Embargo – FINAL




Contacts:
Emily Mendell, National Venture Capital Association, 610-359-9609, emendell@nvca.org
Lisa Pe...
Embargo – FINAL




First-Time Financings

First-time financings have been trending slightly upward over the last two year...
Embargo – FINAL




Stage of Development and 12-Month Average Valuations

Funding by stage of development saw Later stage ...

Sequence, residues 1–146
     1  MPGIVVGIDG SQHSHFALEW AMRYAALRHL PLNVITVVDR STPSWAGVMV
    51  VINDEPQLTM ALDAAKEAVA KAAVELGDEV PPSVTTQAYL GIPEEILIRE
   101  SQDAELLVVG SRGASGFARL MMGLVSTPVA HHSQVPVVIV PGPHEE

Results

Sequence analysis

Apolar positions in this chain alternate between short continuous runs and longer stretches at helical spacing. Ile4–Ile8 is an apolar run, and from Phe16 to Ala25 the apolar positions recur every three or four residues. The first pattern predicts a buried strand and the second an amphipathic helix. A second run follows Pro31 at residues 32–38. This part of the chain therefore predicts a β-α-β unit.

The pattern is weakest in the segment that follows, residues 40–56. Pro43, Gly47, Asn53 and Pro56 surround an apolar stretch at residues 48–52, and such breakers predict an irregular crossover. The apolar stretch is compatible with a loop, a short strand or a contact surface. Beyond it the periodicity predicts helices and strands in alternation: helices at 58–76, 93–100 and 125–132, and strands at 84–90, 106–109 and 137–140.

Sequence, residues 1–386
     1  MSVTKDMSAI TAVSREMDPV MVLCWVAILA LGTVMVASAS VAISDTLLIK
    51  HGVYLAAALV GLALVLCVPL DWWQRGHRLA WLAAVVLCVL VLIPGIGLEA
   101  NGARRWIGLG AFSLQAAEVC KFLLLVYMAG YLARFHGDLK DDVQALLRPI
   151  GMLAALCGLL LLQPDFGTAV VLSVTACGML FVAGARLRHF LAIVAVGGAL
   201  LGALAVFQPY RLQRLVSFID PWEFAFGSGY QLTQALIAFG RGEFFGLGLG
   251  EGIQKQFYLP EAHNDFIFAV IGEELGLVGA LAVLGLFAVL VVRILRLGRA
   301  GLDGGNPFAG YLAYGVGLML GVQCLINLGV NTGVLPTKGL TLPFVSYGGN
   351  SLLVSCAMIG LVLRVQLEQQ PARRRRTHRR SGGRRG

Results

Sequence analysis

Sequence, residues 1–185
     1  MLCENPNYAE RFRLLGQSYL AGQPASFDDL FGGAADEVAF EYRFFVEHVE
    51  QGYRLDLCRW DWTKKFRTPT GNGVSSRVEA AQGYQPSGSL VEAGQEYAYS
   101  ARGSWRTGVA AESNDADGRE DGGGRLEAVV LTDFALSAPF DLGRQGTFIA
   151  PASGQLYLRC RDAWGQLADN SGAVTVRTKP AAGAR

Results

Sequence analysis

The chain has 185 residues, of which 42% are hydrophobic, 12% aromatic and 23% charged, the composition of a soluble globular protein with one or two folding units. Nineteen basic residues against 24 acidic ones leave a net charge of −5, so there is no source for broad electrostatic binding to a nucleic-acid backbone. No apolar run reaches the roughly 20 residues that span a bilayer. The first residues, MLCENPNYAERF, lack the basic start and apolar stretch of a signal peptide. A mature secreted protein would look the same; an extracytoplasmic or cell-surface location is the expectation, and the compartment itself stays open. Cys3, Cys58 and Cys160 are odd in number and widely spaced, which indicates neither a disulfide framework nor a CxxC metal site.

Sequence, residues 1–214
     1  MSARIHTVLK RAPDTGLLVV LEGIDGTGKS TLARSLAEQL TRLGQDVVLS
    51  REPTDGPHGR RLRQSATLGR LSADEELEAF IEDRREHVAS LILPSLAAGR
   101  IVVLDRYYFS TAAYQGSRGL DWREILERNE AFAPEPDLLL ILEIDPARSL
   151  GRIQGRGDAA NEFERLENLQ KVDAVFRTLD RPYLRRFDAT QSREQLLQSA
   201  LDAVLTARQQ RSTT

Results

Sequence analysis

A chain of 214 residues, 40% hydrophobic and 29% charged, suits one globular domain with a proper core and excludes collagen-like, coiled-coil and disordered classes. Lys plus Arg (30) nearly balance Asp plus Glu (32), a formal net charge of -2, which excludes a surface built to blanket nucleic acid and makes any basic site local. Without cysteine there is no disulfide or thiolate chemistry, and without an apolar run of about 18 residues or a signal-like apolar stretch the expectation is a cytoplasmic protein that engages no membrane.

Embargo – FINAL




About the PricewaterhouseCoopers/Thomson Venture Economics/National Venture
Capital Association MoneyT...
Embargo – FINAL


segments: Networking & Computers, Software & Internet, Semiconductors, Life
Sciences and Private Equity ...
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Venture Investment - Q1-05

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Venture Investment - Q1-05